36. Conclusion: Suggesting Alternatives: • We should retrain our critique on war itself, rather than focusing on only certain examples of violence within war. • We should actively work toward a resurrection of pacifism in international relations. • We should avoid mechanisms that lead to closure. • We should pursue other mechanisms for justice, such as community-based truth-telling, active reconciliation, and the like. • Others…

  37. Troubleshooting: • We actually did not discuss justice as closely as the thesis suggested we would. We now have to decide whether to restate the thesis to reflect this, or whether we need to discuss justice more closely….

  38. If Restating the Thesis: • Make sure that the essay is still strong if you decide to go back and restate the thesis. It might be that we do need to discuss justice more fully, and avoiding this will undermine the overall quality of the essay.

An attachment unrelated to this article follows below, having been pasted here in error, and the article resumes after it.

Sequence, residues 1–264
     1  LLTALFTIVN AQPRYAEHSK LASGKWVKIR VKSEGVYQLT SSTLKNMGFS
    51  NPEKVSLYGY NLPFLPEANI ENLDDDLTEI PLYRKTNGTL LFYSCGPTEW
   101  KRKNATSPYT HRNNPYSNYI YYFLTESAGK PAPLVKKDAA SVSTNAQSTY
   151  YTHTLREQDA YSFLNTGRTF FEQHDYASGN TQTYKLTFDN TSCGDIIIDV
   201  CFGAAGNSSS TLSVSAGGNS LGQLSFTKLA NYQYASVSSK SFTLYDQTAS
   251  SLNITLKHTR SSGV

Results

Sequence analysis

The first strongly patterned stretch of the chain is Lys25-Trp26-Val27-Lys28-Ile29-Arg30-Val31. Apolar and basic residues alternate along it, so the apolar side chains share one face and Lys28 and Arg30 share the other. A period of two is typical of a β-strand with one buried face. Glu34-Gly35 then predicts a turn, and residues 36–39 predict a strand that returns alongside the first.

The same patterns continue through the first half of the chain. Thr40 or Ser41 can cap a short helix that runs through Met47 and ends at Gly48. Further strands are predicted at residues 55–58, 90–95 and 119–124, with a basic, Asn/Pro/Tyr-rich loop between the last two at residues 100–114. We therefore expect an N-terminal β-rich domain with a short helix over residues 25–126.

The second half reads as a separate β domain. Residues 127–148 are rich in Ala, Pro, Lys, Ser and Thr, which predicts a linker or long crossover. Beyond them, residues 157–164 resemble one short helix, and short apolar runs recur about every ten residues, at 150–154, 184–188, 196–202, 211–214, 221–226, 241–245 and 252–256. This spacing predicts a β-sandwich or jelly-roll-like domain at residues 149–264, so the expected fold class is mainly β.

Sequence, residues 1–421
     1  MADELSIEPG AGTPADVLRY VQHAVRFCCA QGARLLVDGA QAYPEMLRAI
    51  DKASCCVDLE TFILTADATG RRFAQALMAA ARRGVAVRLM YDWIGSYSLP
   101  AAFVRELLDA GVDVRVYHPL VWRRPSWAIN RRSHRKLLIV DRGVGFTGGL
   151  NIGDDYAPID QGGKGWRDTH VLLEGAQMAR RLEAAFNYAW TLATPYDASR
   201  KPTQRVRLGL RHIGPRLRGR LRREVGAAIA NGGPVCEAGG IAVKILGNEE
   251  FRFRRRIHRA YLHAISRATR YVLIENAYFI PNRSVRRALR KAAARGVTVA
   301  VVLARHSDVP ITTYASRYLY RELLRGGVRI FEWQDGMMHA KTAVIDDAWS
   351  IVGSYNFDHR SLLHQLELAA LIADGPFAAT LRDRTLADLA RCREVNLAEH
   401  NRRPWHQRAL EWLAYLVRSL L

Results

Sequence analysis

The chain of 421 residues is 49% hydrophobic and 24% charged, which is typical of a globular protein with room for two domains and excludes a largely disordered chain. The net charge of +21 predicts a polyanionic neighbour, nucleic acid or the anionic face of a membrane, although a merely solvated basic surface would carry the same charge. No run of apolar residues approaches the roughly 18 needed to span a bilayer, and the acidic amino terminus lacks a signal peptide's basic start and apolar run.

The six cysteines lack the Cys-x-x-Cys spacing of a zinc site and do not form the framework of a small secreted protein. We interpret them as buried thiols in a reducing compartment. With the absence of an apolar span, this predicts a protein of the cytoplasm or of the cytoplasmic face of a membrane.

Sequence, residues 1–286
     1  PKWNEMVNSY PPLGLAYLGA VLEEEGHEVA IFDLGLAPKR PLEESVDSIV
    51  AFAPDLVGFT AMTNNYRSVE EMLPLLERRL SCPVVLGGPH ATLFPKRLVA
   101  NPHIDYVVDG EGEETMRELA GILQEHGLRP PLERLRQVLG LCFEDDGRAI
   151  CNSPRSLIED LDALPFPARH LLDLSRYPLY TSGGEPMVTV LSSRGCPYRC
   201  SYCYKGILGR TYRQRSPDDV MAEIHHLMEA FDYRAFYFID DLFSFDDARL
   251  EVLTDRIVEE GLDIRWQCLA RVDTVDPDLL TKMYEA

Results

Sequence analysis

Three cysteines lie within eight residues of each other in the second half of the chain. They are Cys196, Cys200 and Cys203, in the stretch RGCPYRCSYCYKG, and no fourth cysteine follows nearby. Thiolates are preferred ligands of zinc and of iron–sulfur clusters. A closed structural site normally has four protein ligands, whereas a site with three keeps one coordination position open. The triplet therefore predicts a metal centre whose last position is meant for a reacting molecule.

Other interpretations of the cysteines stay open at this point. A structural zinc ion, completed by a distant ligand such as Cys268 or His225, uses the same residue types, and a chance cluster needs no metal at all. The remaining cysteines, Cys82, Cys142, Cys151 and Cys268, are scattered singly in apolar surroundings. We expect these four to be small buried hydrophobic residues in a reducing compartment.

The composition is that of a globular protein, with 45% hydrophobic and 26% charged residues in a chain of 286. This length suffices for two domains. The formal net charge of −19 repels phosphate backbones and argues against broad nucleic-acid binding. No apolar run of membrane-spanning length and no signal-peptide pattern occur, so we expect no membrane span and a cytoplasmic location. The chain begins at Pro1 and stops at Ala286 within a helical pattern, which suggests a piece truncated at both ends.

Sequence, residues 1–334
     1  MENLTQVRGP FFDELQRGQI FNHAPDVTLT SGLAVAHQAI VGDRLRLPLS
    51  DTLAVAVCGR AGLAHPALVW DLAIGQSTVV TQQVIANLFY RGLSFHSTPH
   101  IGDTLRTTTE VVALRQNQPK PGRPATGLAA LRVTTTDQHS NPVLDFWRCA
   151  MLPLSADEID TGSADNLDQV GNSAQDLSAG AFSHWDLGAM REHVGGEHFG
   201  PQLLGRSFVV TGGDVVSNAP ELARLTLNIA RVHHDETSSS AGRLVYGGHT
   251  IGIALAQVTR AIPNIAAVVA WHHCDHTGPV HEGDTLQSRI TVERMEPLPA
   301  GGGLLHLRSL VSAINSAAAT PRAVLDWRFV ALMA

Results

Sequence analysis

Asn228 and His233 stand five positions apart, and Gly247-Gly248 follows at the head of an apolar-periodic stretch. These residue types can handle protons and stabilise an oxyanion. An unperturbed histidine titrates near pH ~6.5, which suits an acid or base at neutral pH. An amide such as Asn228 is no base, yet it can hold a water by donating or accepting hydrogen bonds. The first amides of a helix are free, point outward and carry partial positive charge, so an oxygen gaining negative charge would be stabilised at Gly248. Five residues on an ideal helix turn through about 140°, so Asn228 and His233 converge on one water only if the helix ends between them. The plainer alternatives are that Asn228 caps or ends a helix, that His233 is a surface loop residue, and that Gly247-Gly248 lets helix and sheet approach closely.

39. If Expanding on Justice • Go back to the authors you have already used to build your arguments, and explore what these authors say about justice. Don’t just go out and start reading randomly about justice: there is TONS of literature on justice, and you run a very high risk of getting lost in it. Stick with what you’ve already researched.

  40. Expanding on Justice: • Chances are, the authors you are already drawn to will have something to say about justice that will be relevant to the essay. You will have to decide whether to simply incorporate your findings into the body of the essay, or develop a separate section of argumentation…

  41. Troubleshooting: • What problems affect the essay as it stands? • Should the arguments be re-arranged? • Should some be discarded, expanded, or altered? • Do all the arguments make sense in relation to the thesis? • Are the arguments strong enough? Well-supported?